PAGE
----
Ken Loach gave this school of realism a new impulse in the 1960s with his first films Poor Cow (1967) and most notably Kes (1969), the story of a young boy from a deprived area in the north of England who decides to train a young kestrel. These fiction films in a documentary style, either with amateurs in the leading roles or a mix of well-known and up-and-coming talent, and dealing with the trials and tribulations of the British working class, became an increasingly common feature of British cinema.

Red balloon

Lynne Ramsay’s films fit into this British film tradition, as do Andrea Arnold’s – but they are also distinctively different. In Ratcatcher, Ramsay focuses on 12-year-old James, who pushes a friend in while messing about beside a stinking canal. The boy drowns, after which James lives on with a gnawing sense of guilt. We experience the harsh lives of his family members and neighbours from the perspective of this pale young kid. However, in Ratcatcher, a mouse tied to a big, red balloon can also suddenly fly off into space. Surrealism seeps into Ramsay’s realism.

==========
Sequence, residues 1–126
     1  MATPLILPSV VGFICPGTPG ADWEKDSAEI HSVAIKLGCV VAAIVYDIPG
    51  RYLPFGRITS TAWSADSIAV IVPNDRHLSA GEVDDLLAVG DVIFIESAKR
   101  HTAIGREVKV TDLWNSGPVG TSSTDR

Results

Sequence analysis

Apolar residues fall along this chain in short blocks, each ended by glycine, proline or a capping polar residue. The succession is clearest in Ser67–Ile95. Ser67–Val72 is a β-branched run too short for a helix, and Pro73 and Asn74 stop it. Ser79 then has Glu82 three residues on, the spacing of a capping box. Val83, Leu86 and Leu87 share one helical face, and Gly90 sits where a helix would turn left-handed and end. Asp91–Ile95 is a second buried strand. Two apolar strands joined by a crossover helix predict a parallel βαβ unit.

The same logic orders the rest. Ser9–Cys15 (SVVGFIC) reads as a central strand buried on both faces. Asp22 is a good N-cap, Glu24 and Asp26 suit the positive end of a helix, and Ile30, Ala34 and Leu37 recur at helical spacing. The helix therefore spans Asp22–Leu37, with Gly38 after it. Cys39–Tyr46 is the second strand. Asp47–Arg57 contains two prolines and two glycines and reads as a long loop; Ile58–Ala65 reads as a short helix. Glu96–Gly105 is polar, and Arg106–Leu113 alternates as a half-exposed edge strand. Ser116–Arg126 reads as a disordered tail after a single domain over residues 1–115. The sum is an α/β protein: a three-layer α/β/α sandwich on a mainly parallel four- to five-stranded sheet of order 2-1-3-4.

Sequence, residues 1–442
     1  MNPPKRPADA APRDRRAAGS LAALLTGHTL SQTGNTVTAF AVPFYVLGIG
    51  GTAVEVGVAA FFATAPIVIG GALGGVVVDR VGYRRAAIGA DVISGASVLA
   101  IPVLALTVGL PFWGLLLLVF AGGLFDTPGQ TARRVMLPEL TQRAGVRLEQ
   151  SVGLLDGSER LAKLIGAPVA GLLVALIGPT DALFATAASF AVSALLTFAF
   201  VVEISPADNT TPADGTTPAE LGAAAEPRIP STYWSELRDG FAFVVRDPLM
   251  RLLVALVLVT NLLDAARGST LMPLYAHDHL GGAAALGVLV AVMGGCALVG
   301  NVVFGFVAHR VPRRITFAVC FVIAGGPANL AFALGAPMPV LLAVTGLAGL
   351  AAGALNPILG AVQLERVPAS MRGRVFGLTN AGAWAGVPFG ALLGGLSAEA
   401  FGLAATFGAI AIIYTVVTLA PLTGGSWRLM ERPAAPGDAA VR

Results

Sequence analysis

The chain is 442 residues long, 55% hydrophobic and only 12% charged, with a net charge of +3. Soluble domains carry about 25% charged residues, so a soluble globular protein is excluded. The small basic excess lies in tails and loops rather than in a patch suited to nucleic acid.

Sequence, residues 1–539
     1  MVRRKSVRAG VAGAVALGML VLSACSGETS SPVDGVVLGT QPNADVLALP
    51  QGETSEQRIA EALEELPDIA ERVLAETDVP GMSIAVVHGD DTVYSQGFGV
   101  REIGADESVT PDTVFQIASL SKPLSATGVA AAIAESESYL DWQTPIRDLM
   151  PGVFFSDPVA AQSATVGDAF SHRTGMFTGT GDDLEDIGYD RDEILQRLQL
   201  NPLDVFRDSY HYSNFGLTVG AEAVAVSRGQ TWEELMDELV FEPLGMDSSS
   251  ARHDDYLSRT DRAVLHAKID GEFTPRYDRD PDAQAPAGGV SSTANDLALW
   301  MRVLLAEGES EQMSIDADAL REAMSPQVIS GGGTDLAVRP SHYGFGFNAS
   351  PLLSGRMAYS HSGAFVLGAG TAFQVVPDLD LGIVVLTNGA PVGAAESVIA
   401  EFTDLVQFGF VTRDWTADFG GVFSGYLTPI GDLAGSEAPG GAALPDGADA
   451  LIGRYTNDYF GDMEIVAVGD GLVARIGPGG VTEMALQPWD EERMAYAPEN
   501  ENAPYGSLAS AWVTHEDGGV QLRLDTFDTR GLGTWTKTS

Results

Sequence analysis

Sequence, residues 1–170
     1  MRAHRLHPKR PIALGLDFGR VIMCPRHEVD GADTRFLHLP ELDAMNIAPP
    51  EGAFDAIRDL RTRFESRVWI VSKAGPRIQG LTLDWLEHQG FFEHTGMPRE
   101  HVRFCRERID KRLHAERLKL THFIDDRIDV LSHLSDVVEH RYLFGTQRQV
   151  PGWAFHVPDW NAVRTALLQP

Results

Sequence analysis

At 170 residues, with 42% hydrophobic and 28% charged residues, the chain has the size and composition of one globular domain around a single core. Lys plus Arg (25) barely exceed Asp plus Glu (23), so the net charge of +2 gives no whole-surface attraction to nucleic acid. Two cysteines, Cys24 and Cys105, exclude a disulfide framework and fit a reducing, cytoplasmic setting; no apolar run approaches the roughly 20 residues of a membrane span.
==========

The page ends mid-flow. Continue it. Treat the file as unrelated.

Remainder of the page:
James is also able to get on a bus and for thirty pence bus fare leave the bleak reality of the city and its plague of rats behind, and run off into a cornfield. As for Ramsay herself, who left Glasgow aged seventeen to study fine art and photography in Edinburgh, then later directing and photography in London, there is hope for James and his family – and maybe a way out.

The woman who watches

As Ratcatcher deviates from standard realism, so too does the work of Andrea Arnold, who was likewise recognised as a new British talent for her debut Red Road (2006). The debut films of both directors were immediately selected for the Cannes film festival. What they add could be described as a lyrical realism, in which complex thoughts and emotions unfold.

Red Road
is set in an area of Glasgow that is, if possible, even bleaker than in Ratcatcher. The story is constructed around a gigantic condemned block of flats – at the time the tallest in Europe – inhabited mainly by former convicts. In this neighbourhood we meet Jackie, a woman with scars on her soul who comes across a recently released prisoner through her work as a security guard, and starts to follow him.